SSD Lifetime Estimation Revisited

Back in 2013 I wrote a post about how long I thought my SSD would last based on the amount of data I write to the drive on a daily basis. Back then my daily write rate was 10 GB a day and based on a calculation method of Anandtec I estimated the lifetime of my SSD to be at least 14 years. In the meantime others have done practical tests of how many write cycles SSDs really endure before they die so I came back to the topic once more with my usage scenario.

Things are a bit strange on my system as depending on where I look I get different numbers. On the file system level there’s the following command to get the number of bytes written to a partition:

sudo tune2fs -l /dev/xxx  [replace xxx with the partitions of a drive]

The second one looks like this and should give the same result:

cat /sys/fs/ext4/sdaXXX/lifetime_write_kbytes [replace xxx with the partitions of a drive]

In my case the accumulated file system level values show that 36 TB of data were written to the two main partitions I use on my SSD over 2 years. That would be 46 GB a day. That’s a lot more than the 10 GB I measured a couple of years ago but it does not seem to be out of the ordinary according to this article on Heise (in German).

At first I had no idea what could possibly write 46 GB a day to my SSD so I had a closer look at the block level write counter for a couple of days with the following command:

# data written to sda since the last reboot in GB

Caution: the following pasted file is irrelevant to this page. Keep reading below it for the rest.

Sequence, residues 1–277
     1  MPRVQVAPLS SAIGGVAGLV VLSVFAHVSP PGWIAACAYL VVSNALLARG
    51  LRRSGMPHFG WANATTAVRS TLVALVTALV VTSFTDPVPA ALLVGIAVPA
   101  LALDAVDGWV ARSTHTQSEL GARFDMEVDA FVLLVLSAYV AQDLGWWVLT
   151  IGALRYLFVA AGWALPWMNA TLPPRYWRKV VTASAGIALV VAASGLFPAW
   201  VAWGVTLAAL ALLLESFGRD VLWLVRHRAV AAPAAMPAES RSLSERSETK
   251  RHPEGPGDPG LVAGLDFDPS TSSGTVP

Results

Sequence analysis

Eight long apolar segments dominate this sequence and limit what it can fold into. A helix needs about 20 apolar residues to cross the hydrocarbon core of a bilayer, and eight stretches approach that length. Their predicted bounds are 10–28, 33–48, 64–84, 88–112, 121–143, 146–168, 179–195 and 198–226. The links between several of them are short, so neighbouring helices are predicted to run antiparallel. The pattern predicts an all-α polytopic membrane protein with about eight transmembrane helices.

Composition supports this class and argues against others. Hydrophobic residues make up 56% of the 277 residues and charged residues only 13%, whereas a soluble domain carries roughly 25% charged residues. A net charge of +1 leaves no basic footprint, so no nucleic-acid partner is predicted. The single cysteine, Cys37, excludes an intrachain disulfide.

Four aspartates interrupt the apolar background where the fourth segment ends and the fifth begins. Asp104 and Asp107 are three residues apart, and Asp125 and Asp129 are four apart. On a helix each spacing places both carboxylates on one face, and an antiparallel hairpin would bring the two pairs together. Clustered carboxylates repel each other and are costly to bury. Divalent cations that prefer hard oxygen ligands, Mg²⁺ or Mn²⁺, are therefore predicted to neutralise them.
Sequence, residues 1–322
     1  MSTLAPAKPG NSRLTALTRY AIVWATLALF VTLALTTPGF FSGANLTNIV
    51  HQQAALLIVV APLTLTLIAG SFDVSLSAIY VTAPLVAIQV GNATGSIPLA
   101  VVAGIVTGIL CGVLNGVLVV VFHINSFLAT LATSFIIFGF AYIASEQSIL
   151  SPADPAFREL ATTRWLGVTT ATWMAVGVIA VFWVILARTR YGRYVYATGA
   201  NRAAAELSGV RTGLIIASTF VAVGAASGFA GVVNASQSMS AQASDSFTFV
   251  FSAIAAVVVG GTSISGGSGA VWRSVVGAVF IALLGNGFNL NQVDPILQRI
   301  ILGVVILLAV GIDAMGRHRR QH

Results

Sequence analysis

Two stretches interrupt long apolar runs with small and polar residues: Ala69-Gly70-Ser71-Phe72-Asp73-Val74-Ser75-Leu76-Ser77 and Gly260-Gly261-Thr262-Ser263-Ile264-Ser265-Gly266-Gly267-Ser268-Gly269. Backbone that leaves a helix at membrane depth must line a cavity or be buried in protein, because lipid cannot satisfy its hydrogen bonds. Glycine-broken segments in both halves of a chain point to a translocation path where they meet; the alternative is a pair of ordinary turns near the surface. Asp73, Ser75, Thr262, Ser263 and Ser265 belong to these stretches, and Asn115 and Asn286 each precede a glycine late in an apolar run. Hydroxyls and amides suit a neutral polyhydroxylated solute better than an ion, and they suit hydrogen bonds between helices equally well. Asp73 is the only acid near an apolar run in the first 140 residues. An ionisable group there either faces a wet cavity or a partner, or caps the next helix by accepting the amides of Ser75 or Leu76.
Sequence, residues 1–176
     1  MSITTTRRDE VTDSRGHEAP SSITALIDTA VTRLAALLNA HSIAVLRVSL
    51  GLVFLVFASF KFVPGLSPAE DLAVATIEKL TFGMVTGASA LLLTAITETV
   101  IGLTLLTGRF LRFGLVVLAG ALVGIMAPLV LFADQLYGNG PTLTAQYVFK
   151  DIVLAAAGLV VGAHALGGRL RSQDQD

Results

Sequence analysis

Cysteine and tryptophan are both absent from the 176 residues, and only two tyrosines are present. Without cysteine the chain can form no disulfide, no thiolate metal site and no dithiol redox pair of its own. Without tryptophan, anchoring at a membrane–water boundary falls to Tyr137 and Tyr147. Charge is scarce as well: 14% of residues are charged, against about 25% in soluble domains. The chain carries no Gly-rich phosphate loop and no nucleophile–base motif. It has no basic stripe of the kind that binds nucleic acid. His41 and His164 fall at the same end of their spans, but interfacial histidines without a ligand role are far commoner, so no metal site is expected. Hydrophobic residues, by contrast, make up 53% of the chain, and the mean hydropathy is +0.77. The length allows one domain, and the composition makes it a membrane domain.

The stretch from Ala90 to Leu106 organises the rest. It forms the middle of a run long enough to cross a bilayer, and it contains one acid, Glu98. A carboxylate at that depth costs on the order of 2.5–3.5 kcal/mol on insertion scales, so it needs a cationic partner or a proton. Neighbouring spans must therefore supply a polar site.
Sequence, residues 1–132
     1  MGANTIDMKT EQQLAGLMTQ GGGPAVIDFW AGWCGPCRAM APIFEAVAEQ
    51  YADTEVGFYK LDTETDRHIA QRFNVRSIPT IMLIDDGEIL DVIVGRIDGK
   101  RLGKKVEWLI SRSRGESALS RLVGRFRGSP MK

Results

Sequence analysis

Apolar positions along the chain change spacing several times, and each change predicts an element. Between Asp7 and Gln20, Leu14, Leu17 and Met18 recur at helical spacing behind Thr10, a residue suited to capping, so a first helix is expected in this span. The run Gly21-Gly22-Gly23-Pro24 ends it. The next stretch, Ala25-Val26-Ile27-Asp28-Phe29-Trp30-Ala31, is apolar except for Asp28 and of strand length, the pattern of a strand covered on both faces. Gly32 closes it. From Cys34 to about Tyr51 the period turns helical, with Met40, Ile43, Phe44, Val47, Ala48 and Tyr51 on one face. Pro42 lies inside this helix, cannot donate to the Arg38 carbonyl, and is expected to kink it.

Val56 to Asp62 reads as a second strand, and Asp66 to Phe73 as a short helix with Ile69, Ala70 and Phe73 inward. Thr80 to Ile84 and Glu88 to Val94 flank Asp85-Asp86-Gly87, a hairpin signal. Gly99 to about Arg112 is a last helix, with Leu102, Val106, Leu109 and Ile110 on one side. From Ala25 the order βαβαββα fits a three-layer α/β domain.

awk '/sda/ {print $3"\t"$10 / 2 / 1024 / 1024}' /proc/diskstats

Here, I still get the 10 GB a day on average. Once a week however, a TRIM is made, which makes this counter jump tremendously. Mystery solved. Probably, TRIMs do not count towards the data written to the SSD but since I’m not entirely sure, let’s assume the worst case and include it. Fortunately it turns out that even if my usage is 5 times higher than measured on the block level without TRIMs, I’m still on the safe side. Samsung says that my 1 TB 850 Evo drive has a write endurance of 150 TB. And the Heise article already linked to above says that even this is a gross understatement, as the predecessor of my SSD was guaranteed by Samsung to endure 70 TB of data written to it and in reality only failed after writing over 1200 TB of data to it.

So if I take Samsung’s number I’m good with my 850 Evo for at least 8 years, and far more than 60 years if I take the Heise numbers. Both values are reassuring as I hope that at least in another 5 years, SSDs will have become cheaper again so I can upgrade from my 1 TB to at least a 2 TB drive. I’d do it today but the price for a 2 TB SSD is still around €600 where it has been for several years now. Not that I would have much of a choice in 5 years anyway as by then I expect that most notebooks will no longer support 2.5″ drives and instead have fully migrated to the m.2 format.